Laugh While You Live

This is wonderful.

T.K. Coleman's Blog

If you find it hard to laugh, you’ll find it hard to live.

Laughter is one of the ultimate forms of defiance and resilience. It signals to the universe that you are the kind of person who’s willing to smile or be silly even when things are going wrong.

And why is it important to retain your ability to smile or be silly when things are going wrong? Because there are always things that are going wrong. There’s always something to be serious about. Always.

Laughter is a spiritual practice that keeps us from equating seriousness with significance. It protects us from our self-destructive tendency to believe that we shouldn’t allow ourselves to enjoy life’s beauties and pleasures until every important problem has been solved. And since that day is never going to come, we might as well learn to enjoy ourselves while we strive to make the world a…

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Chasin’ The Dream: The Political Standoff on Immigration

In lieu of GenFKD’s Oppression to Opportunity (#Op2Op) campaign, and the wall-construction plans of some presidential hopefuls, we are exploring the issue of immigration in a three-part blog series. The first segment provided a brief history of American immigration. The second part, below, discusses the political standoff behind this issue. Finally, we’ll conclude the series with some economics, which could help round out your thoughts on immigration and its effect on our wallet.

“I will build a great wall—and nobody builds walls better than me, believe me— and I’ll build them very inexpensively. I will build a great, great wall on our southern border, and I will make Mexico pay for that wall. Mark my words.” —Donald Trump

Throughout history, immigration has been a key factor in the standoff within party politics, and it doesn’t look like it will ease up anytime soon. What’s more, the significant voter  support enjoyed by people like Trump shows just how divided Americans are when it comes to the politics of immigration. Continue reading “Chasin’ The Dream: The Political Standoff on Immigration”

The Seven Biggest Lies in Economics? Not So Fast…

1. People have thrown around this “trickle-down theory” for years since it was used back during Roosevelt’s years. It was directed toward tax revenue. Lower taxes at the top will boost taxable income to increase revenues. In 1921, when the tax rate on people making over $100,000 a year was 73 percent, the federal government collected a little over $700 million in income taxes, of which 30 percent was paid by those making over $100,000. By 1929, after a series of tax rate reductions had cut the tax rate to 24 percent on those making over $100,000, the federal government collected more than a billion dollars in income taxes, of which 65 percent was collected from those making over $100,000. In addition, when the government is continually bailing corporations out, what incentives are there to bring in tax revenue to a government that mismanaged the money? Continue reading “The Seven Biggest Lies in Economics? Not So Fast…”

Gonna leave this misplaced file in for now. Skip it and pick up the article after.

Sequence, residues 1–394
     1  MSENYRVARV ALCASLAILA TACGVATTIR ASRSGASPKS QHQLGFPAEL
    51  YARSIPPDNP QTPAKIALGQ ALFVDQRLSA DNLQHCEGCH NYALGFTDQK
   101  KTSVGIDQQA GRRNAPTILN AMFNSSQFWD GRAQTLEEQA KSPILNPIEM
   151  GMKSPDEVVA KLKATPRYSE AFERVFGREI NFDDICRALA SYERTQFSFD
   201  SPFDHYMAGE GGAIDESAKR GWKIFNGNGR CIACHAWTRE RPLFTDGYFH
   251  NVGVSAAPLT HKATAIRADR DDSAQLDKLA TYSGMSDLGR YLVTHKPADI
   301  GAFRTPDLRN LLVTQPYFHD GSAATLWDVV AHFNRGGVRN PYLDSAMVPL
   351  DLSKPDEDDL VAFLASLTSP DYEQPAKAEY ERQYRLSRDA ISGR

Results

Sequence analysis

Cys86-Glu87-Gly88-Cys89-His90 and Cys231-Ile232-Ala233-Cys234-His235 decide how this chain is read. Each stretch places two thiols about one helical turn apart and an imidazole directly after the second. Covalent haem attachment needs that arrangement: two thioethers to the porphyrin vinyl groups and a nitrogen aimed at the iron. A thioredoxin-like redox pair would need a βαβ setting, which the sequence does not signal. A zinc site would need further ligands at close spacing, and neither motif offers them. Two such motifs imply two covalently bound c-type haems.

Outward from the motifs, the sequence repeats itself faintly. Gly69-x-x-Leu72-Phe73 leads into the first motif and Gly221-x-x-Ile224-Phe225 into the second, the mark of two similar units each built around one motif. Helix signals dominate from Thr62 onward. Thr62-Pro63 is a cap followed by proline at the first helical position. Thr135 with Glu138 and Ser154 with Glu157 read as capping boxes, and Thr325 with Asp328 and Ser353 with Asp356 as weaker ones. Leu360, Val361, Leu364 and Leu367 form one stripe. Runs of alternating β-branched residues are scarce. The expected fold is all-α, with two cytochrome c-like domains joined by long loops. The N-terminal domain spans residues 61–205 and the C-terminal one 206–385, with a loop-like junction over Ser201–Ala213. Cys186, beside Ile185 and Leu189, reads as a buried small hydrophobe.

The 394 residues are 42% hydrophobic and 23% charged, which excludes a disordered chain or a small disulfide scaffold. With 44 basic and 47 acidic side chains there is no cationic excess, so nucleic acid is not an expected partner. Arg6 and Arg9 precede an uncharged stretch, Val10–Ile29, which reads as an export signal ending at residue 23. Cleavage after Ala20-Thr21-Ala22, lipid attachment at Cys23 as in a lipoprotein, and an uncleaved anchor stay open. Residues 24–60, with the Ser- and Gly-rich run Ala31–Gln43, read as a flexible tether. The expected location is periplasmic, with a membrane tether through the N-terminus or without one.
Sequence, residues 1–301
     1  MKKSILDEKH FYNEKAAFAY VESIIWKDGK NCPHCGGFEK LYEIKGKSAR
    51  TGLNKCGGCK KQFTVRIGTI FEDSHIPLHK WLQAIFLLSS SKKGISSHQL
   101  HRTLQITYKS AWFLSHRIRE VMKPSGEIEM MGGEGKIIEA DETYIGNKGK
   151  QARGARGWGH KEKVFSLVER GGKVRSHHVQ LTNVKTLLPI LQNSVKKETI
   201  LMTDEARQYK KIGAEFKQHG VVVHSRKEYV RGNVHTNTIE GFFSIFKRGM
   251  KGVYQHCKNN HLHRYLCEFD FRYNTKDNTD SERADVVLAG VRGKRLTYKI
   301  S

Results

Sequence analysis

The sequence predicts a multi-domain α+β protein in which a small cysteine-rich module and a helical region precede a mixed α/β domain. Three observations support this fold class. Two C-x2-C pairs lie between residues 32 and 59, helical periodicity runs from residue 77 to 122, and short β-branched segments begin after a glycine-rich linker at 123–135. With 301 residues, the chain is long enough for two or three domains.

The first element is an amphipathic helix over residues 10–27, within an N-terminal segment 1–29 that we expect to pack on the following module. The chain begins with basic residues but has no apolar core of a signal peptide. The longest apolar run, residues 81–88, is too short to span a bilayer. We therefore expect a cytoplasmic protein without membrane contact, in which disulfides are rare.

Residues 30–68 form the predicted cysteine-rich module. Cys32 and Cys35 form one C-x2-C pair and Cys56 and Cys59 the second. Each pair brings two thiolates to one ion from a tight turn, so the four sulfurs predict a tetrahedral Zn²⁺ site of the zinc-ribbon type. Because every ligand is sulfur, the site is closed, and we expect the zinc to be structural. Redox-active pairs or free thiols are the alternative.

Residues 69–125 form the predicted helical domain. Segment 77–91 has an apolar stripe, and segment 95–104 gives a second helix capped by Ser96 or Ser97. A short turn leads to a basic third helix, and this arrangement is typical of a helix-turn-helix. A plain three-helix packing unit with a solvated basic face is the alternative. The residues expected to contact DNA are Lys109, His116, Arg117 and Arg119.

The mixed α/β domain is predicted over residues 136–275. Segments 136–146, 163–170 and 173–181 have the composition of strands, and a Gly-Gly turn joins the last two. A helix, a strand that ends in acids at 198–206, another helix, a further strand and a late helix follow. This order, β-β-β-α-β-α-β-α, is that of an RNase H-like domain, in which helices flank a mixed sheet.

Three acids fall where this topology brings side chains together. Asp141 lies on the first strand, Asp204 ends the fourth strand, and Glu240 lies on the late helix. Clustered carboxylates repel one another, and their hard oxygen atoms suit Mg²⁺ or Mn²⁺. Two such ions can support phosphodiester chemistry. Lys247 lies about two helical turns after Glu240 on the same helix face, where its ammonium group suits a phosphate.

6 Questions That Will Keep You Intellectually Honest

Fantastic post by T.K.

T.K. Coleman's Blog

It’s easy to feel confident in what we think we know. It’s easy to latch on to the sensation that we’ve already arrived in our pursuit of truth. It’s easy to buy into the illusion that we’re one of the rare few chosen ones who understand what’s really going on while everyone else is guilty of blatant idiocy. It’s easy to assume that we have far more to teach than we have to learn. It’s easy to draw hard lines of distinction between teacher and student while forgetting that every good teacher needs to play the role of student and every good student needs to play the role of teacher.

There’s no easy formula for maintaining open-mindedness and intellectual honesty, but here’s a list of questions I’ve come up with as an exercise in keeping myself honest.

Question #1: Can you name one person, dead or alive, who you regard…

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